As I understand it, what the speaker means is that the object of the poem ("thou") will come to be one with time because these lines (the poem) are eternal. So what he is saying is that the object of the poem will never die any more than time will die.
This goes with the prediction in the lines before. This is because the eternal life that the object will have (because of this poem) will ensure that she does not die and that her beauty will never grow old. Because of being in this poem, the object will live forever, just as lines 9 through 11 predict.
In this sonnet "Shall I compare thee to a summer's day" Shakespeare compares an unnamed woman to a beautiful summer day. The woman comes out favorably in the comparison because sometimes the sun is too hot, or the wind blows too hard, and of course, summer ends.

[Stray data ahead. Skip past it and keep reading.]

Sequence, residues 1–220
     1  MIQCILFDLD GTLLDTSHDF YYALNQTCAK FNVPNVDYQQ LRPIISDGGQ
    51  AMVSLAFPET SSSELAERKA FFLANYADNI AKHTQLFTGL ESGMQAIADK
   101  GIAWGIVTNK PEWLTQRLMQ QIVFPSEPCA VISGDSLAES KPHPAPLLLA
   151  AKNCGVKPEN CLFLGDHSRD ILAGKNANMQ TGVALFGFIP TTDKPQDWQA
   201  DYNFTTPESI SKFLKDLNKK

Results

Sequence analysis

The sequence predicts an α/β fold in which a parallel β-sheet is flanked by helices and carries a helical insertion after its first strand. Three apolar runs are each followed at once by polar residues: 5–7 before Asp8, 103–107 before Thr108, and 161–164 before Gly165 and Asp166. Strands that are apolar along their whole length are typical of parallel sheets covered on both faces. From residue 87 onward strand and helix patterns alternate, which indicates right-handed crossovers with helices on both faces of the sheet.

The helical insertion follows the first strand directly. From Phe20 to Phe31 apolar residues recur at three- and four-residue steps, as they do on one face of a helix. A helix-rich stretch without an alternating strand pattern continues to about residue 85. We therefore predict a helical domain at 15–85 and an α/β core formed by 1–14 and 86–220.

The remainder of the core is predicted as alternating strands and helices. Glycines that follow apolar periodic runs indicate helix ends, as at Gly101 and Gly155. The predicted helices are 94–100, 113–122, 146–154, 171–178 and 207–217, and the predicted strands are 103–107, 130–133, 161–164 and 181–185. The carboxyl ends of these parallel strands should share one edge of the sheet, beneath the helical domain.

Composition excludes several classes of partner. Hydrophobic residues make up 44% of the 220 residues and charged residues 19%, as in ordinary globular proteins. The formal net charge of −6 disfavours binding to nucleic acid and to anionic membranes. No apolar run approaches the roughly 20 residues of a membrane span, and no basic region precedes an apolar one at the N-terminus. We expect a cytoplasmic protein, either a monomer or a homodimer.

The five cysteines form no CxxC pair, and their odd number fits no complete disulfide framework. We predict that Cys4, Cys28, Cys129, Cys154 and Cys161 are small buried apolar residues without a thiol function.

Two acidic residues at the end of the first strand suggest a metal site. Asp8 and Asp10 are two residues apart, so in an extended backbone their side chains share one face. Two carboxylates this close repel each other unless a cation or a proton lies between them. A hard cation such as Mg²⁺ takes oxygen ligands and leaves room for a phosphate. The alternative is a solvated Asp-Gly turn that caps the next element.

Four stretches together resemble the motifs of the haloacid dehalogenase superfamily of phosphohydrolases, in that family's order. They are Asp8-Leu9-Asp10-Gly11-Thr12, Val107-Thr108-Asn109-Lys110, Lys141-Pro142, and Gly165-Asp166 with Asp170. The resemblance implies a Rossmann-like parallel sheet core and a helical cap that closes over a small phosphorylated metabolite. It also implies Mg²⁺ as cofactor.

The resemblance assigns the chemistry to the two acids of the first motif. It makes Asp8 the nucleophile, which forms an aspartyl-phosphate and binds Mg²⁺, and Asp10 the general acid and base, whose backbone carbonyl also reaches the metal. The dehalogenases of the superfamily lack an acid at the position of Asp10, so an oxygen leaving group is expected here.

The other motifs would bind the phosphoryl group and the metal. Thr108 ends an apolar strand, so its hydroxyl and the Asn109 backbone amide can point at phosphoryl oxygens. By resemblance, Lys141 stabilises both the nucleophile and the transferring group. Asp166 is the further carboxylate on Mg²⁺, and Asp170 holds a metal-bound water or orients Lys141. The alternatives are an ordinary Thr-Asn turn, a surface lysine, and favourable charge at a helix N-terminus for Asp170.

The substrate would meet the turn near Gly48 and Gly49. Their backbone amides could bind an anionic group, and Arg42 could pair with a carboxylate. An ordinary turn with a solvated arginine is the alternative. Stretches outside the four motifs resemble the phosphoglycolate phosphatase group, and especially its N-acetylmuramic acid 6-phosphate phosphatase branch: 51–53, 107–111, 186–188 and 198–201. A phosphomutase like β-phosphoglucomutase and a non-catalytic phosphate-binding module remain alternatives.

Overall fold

In lines 9-11, he says that unlike the summer day, the woman's beauty will never end when he writes, "but thy eternal summer shall not fade" and that death can not "brag" that it has conquered her. Why? Because she "lives" inside the poem. When Shakespeare says the woman will "grow" within the "eternal lines to time" he means that people will remember her because they remember the poem. He closes with "So long as men can breathe or eyes can see/ so long lives this [the poem] and this gives life to thee."
Shakespeare seems to have had a lot of confidence about this poem living on and, as it turns out, he was right. Here we are discussing it many hundreds of years later.